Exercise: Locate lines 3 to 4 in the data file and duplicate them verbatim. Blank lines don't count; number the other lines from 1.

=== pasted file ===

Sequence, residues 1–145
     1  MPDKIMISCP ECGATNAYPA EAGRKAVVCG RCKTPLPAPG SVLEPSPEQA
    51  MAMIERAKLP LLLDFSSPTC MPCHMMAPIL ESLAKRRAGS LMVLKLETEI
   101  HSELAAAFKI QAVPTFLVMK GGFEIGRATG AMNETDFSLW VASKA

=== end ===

    51  MAMIERAKLP LLLDFSSPTC MPCHMMAPIL ESLAKRRAGS LMVLKLETEI
   101  HSELAAAFKI QAVPTFLVMK GGFEIGRATG AMNETDFSLW VASKA